Enter in digital media.

Libraries have always been supported by communities as places to gsther, learn and preserve history. Without libraries, or museums for that matter, it is feasible that much knowledge would have been lost. Without ink and parchment there would have not been the movable type. Without the movable type there would have not been the printing press. From there we gained mailing services, mechanical computers, and every invention in between that led to the modern day tablet.

In the 1930s a man by the name of Bob Brown dreamt up the concept of electronic books. He dubbed the device:

A machine that will allow us to keep up with the vast volume of print available today and be optically pleasing  (Bob Brown, ‘The Readies’)

And boy did we deliver…seventy years later. We have the Kindle by Amazon, the Sony e-reader, the Kobo, the Nook and more. Let’s not forget the countless apps that enables amateur writers to showcase their own writing and read others as well.

As a pre-teen I remember worrying that there wouldn’t be any pages to turn because I did not like the idea of an e-reader. I remember thinking it was silly for Barnes N Noble to advertise something like the Nook in a place that sold actual books. What is also interesting to note is I was (and still am) fully in support of a world where Star Trek could one day exist. Where all information was stored for instant access inside data cores. So you would think that I would have been open to the idea of having something like that to carry with me.

You are wrong. I was afraid that bookstores would disappear forever and I, without a doubt did not want to contribute to that. While some larger book chains have been downsizing printed books are not disappearing as quickly as I feared. Authors and readers who grew up like I did still love the feeling of a cover beneath our fingers. But, in this digital age, there are a few advantages to having electronic books available. Let’s take a look at a few of them now:

1. Convenience. So you finally booked that summer flight to Florida beach for R&R and you’re preparing to pack. What is spread out on the bed before you? Clothes? Check. Toiletries? Check. Travel info? Check. Books? All the ones you have chosen will cause your bag to go over the alotted weight limit. What do you do? You know you can easily go through one or two a day. Seven days. Seven books. Not enough space. Enter in the e-reader. Once you purchase a book and save it to your device, it is yours to keep. You can reread it like any physical book because you paid for it. And because you know you have at least two new reads ready to go you toss it in your purse instead.

Disadvantage: Making sure to remember the power cable.

2. Encouragement. For most bookworms it is almost unfathomable to hear someone comment that they don’t read. Don’t READ?! How is that even possible?! Illiteracy still exists in the United States amongst all the age groups. And there are others who know how to read who just choose not to. The e-readers, especially those with access to more apps, I feel greatly encourages them to think about trying the reader app out. Instant access to all levels of books and material supports readers and authors alike, and maybe if they begin to enjoy ebooks they will come to support libraries as well.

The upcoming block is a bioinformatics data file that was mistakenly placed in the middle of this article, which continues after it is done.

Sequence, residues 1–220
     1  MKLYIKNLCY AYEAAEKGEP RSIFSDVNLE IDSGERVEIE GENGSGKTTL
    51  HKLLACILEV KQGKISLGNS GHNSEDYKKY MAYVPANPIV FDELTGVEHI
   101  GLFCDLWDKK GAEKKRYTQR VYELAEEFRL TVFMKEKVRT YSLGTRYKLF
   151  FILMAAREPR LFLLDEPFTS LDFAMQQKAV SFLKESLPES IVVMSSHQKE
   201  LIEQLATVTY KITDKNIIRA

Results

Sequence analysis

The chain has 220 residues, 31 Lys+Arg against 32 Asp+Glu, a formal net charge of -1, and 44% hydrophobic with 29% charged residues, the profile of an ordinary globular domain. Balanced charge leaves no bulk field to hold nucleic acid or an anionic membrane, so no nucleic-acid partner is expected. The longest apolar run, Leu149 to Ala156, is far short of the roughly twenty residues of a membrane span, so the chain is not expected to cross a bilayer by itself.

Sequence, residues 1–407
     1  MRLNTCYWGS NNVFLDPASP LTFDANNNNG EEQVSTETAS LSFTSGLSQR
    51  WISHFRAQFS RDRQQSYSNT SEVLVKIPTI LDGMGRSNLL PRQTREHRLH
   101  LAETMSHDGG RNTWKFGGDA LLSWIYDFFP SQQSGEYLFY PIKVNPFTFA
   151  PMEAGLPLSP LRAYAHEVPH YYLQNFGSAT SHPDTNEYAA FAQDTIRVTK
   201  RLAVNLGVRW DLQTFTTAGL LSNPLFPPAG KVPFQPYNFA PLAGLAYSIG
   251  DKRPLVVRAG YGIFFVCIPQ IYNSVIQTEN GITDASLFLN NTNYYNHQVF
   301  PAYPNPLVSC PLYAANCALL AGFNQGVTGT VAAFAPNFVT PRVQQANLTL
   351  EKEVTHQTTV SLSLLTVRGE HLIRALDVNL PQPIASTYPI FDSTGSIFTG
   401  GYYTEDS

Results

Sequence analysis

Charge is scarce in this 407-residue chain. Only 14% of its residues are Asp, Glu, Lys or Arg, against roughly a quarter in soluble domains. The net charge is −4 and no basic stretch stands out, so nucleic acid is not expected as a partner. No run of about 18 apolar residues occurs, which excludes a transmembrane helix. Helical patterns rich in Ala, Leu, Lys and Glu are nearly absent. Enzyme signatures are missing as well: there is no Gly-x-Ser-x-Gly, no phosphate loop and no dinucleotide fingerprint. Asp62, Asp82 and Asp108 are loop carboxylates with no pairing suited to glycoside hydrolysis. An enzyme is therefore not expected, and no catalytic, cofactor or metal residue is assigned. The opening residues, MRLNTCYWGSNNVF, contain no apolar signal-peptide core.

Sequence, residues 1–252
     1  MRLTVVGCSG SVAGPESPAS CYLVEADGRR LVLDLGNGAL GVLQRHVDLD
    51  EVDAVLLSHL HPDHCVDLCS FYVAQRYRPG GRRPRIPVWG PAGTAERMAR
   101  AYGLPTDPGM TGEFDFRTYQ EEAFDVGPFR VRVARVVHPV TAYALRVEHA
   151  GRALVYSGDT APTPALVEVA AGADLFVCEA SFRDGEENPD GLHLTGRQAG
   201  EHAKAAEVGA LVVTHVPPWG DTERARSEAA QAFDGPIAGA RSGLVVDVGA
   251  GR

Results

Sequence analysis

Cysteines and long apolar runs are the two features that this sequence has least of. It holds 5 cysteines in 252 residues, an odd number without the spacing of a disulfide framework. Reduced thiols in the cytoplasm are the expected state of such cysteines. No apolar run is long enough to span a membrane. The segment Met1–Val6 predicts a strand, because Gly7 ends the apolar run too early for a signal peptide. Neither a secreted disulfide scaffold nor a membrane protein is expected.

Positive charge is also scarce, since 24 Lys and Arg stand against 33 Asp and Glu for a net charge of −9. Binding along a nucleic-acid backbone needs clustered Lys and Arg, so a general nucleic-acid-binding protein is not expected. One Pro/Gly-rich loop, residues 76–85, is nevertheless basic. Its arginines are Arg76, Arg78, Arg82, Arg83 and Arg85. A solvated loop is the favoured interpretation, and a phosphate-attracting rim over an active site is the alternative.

3. Innovation. A perfect example of ebook innovation comes from the recent reestablishment of Reading Rainbow (no, this blog is not sponsored by then whatsoever. They are just a great, current example of modern technology). From 1983 to 2006, Reading Rainbow opened the world of imagination to generations of young minds. I was greatly amused as a child that LeVar Burton taught us about books by day and repaired starships as Geordi LaForge by night on The Next Generation. There had always been the hope that Reading Rainbow would return but instead we got something even better. LeVar and the R.R team began a Kickstarter campaign to begin a new concept – online learning tools to teach a new generation to love reading. Without platforms such as tablets and e-readers, and without the fervent enthusiasm of the donors to support them, Reading Rainbow would have remained a thing of the past. It is encouraging, interactive and, as with any learning tool, constantly changing.

4. Library Supported. Not only is there the above example of reading apps, many libraries also have e-books available for borrowing add well. All you need is a library card, an account through their website and an app that supports their format. Many moms I know love the ease of it, especially when it is not always convenient to get to a physical library.

Doesn’t there seem to be an awful lot of pros to this “debate” in favor of e-readers? When you look at the overall picture, e-readers and physical Books have formed a symbiotic relationship:

Symbiosis: noun, biology. interaction between two different organisims living in close physical association, typically to the advantage of both. a mutually beneficial relationship between different people or groups.

While the definition of symbiosis is technically of a scientific nature it can be applied to the world of words as well. In this ever-changinf age of technological advancement it was inevitable that someone would bring Bob Brown’s prediction to reality. A true reader will be able to appreciate both forms of literature.

While I  still prefer connecting worth other readers in the physical realm of books, I do enjoy being able to find a series or author online that I otherwise would never have known. You can find readers everywhwre. You can find authors, bookstores, librarians, historians, preservationists…everywhere. even though e-readers don’t “smell” like a bookstore, don’t immediately dismiss such a useful tool without trying it first. You may surprise yourself. Just find the best fit for you.